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Emotions run high when it comes to books we love and hate

Who doesn’t love a list of the best books of the year, the decade, or all time? These lists are a grounds for gushing agreement and fierce debate.

A lot of both happened when The Guardian published its list of the greatest books of the 21st century. Hilary Mantel’s Wolf Hall was placed at number one, followed by Marilynne Robinson’s Gilead, then Secondhand Time by Svetlana Alexievich, translated by Bela Shayevich.

The top five was rounded out by Never Let Me Go by Kazuo Ishiguro and Austerlitz by WG Sebald.

David Mitchell’s Cloud Atlas sat at number nine, My Brilliant Friend was 11 and Jonathan Franzen’s The Corrections was number 16.

Recent bestseller Normal People by Sally Rooney was listed at number 25, The Underground Railroad by Colson Whitehead was 30 and White Teeth by Zadie Smith was 39th on the list.

The article attracted 1800 comments. Many expressed their disbelief that their own favourite books had been left off the list, including The Goldfinch by Donna Tartt, Brooklyn by Colm Toibin, We Need to Talk About Kevin by Lionel Shriver and All the Light We Cannot See by Anthony Doerr.

Some expressed a similar degree of disbelief that certain books had made it onto the list, including Gone Girl, Harvest by Jim Crace, Sapiens by Yuval Noah Harari and even number one, Wolf Hall.

Commenters were surprised that authors including Mario Vargas Llosa, Haruki Murakami and Orhan Pamuk did not appear or the list, or if an author did appear, that their greatest book was not listed, but a lesser one.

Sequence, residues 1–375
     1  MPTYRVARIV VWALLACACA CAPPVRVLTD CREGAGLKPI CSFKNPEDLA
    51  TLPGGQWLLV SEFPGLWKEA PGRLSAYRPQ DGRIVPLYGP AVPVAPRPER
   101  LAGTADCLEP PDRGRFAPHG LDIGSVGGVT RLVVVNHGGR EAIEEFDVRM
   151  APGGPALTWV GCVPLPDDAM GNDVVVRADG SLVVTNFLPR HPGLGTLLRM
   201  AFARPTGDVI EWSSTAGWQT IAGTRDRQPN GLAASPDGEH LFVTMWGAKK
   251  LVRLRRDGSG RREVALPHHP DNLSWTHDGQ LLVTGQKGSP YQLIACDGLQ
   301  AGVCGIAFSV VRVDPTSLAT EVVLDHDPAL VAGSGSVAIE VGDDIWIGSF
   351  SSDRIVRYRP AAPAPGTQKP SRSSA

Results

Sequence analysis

Others argued against the legitimacy of the list at all. One commenter wrote:

“Both drawing up and critiquing a list like this is impossible. The very premise – that there are 100 books from 2000 to date that are identifiably best, and that these 100 can be objectively ranked against each other – is impossible. It’s great to get suggestions of brilliant or important books to read, and brief summaries of why books fall within that category. But the Guardian ought to be beyond this kind of unrealistic hyperbole.”

On Twitter, the article was liked by more than 1,800 users. However, not all agreed with the order of the books, and those on the list.

@sarahjphughes wrote:

“My only comment on the guardian books list is that the only two books I have ever thrown across a room are both on it”

She went on to state that those books were A Little Life and Corrections. Others agreed with her and put forward their own criticisms of the list.

An emotional reaction to books was also evident when Twitter user, @alicorvere, posted:

“! Help me ! what is the ACTUAL worst book you’ve ever read? like not just a book that was disappointing or didn’t live up to your expectations… I’m talking about a book that was TERRIBLE and still makes you mad to think about it.”

The thread attracted 250 comments as users waxed lyrical about their most hated books.

I added Atlas Shrugged by Ayn Rand, which espoused the author’s belief in the supremacy of reason, individualism and capitalism. It is one of few books that I have really hated, more for its far, far right wing ideology than its writing.

As for this list, there were a lot of books that I have yet to read. I loved Wolf Hall, and plan to read Gilead. Many novels that are among my favourites appeared, including White Teeth, The Line of Beauty, Notes on a Scandal, A Visit From the Goon Squad, My Brilliant Friend and The True History of the Kelly Gang.
There were none that I hated reading.

Whatever your thoughts about The Guardian’s article, I applaud anyone brave enough to wade into the waters of booklists, and risk neglecting a reader’s beloved favourite or mentioning one that was thrown aside in disgust by another. After all, who doesn’t love a bookish debate?

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